Hellbound.ca’s TOP 20 ALBUMS OF 2010, Part Four

Ladies and gentleman, the TOP 5 METAL ALBUMS OF 2010 according to the contributing writers of Hellbound.ca…

5. KYLESA – Spiral Shadow

(Season Of Mist)

With its razor-sharp hooks, wild card “Don’t Look Back” threw a lot of people for a loop this year. But the real magic of Spiral Shadow is Kylesa continuing to improve upon what they do best: Ever-evolving their songwriting by juxtaposing the band’s love of/influence from swirly psych-rock with hammer-and-tongs, earthy sludge bombast. From the opening good-trip-gone-bad-gone-good-again of “Tired Climb”, through the claustrophobic resignation of “Drop Out”, right up to the closing, pensive, almost-as-hooky-as-DLB recline of “Dust”, Spiral Shadow is an immense rollercoaster through the band’s collective psyche, and shows them once again setting the bar higher than they had for 2009’s Static Tensions; again, as with the last album, I’m rapt with anticipation to see where they’ll possibly take it next.
Kyle Harcott

4. ANATHEMA – We’re Here Because We’re Here

(Kscope)

I prefer not to listen to individual tracks from a record – especially by one of my favourite bands ­– before I have the full album in hand. We’re Here Because We’re Here was many years in the making, so it was listen in pieces as they slowly emerged or musically starve. Hearing the whole for the first time, I found its complex beauty unfolding, not as a revelation, but as the voice of a well-loved friend. Its layered complexity ebbs and swells like a tide, not with the harsh weight of metal but with a rising intensity that demonstrates Anathema’s mastery of extremes. I can still hear the band that was (though more Eternity than Serenades) but as a faint whisper amidst a richly textured ocean of sound.
Laura Wiebe

3. TRIPTYKON – Eparistera Daimones

(Century Media)


Celtic Frost reunited and toured then quickly broke up, leaving the loyal with just a tantalizing taste of one of metal’s greatest bands. Frontman Tom Warrior kept good on his word to continue the musical journey he rekindled when Frost reformed in 2001. Triptykon’s first album Eparistera Daimones is in every way a peer of Fischer’s career highlights, including Morbid Tales and To Mega Therion. It’s part therapy session, part diatribe against former band members and all the morbid we expect from Warrior. After a career of disappointments and struggles this was Warrior’s year: a powerful new book; a successful tour, an EP and one of the best albums of the year and his storied career. “Goetia” and “Abyss Within My Soul,” sound just as powerful live as classics like “Procreation Of The Wicked.” Eparistera Daimones is likely to outlast even Celtic Frost’s swan song Monotheist.
Justin M. Norton

2. ENSLAVED – Axioma Ethica Odini

(Nuclear Blast)

With a captivating live performance fresh in mind, I can’t help but consider Enslaved‘s new opus, Axioma Ethica Odini another success in the near flawless catalogue that the band continues to add to at an incredible pace (especially considering the type of progressive/psychadelic/black metal that they produce). The sounds are familiar, as they continue in the same path they’ve been venturing since Below The Lights, but still remain fresh and unpredictable. Their songwriting continues to grow, winding delicate interludes around thundering riffs underneath combinations of vicious growls and soothing clean vocals. The constantly evolving Enslaved have created yet another winner, and once again prove that they are masters of their craft.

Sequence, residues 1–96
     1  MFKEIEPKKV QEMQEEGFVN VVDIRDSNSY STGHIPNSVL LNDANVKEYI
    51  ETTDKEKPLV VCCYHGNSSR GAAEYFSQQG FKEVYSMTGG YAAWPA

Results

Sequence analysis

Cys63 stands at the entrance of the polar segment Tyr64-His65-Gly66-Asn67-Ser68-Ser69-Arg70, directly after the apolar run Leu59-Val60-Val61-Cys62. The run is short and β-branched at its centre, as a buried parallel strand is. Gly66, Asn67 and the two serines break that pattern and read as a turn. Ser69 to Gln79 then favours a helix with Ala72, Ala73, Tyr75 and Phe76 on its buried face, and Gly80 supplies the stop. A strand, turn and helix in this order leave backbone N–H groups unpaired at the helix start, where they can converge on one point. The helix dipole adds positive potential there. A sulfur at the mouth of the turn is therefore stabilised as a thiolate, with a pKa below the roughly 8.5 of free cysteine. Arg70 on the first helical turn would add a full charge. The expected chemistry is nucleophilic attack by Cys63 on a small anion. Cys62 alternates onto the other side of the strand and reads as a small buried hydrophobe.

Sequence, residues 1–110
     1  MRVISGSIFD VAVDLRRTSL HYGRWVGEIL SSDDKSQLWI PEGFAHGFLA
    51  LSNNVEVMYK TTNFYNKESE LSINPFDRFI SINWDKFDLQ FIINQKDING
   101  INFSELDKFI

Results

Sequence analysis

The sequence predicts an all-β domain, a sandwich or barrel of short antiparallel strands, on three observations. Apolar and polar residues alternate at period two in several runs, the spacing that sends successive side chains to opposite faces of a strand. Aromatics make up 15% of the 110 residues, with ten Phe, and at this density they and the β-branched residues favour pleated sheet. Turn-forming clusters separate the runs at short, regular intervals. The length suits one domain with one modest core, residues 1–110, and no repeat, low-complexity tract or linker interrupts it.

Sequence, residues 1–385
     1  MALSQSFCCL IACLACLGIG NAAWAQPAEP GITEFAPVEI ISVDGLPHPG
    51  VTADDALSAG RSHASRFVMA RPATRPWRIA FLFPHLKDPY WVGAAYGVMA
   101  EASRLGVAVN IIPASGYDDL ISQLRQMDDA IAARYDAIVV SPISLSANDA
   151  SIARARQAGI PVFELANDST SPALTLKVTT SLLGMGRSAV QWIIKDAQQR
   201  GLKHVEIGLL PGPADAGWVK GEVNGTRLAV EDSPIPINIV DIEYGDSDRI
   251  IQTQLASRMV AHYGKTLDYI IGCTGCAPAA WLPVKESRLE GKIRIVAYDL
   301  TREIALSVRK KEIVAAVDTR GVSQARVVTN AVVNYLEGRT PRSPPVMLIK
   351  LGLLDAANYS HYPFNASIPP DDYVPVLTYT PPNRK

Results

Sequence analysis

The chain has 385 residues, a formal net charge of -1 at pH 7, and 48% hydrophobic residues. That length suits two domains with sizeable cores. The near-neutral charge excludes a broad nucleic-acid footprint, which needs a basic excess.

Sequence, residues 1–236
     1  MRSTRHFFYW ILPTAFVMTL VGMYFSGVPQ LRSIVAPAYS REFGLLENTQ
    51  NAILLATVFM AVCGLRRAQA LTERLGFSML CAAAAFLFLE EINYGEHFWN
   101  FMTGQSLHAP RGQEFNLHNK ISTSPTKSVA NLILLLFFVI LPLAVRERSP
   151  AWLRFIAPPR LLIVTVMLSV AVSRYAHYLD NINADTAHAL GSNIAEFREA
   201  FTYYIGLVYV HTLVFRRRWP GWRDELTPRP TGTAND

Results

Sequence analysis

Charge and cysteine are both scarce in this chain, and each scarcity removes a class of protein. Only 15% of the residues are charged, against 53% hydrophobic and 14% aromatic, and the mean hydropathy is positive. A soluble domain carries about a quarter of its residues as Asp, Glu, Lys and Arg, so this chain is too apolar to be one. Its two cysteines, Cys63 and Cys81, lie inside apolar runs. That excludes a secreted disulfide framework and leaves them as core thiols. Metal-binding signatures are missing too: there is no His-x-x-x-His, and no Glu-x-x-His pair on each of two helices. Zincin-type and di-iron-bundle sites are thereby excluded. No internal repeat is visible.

Adam Wills

1. AGALLOCH – Marrow Of The Spirit

(Profound Lore)


The decision to name Agalloch’s Marrow of the Spirit as top album of the year was an easy decision to make. It’s a record that offers sonic layers and subtle reprises that reveal themselves more each the album is played. This depth means that it even lends itself to communal listening experiences with multiple pairs of ears. Like the rest of the band’s catalogue, it is both melancholic and spiteful. However, elements such as John Haughm‘s stressed vocals push the band further than we’ve heard in the past, adding to the sense of urgency that the album offers. Far from simple nostalgia, Marrow of the Spirit melds the contemporary world of metal music with an invitation to make a connection with the flow of the environment around you.
Jonathan Smith

Come back next week for the following:
a) Individual Top 10 Lists
b) Event Of The Year
c) Music DVD Of The Year
d) Top 10 Canadian Metal Albums of 2010
e) Individual Canadian Metal Albums Lists
f) Hellbound Horror flicks of the year
g) Top 10 Most Read Hellbound.ca features of 2010

h) Hellbound.ca’s pictures of the year

See you then!

Sean Palmerston

Sean is the founder/publisher of Hellbound.ca; he has also written about metal for Exclaim!, Metal Maniacs, Roadburn, Unrestrained! and Vice.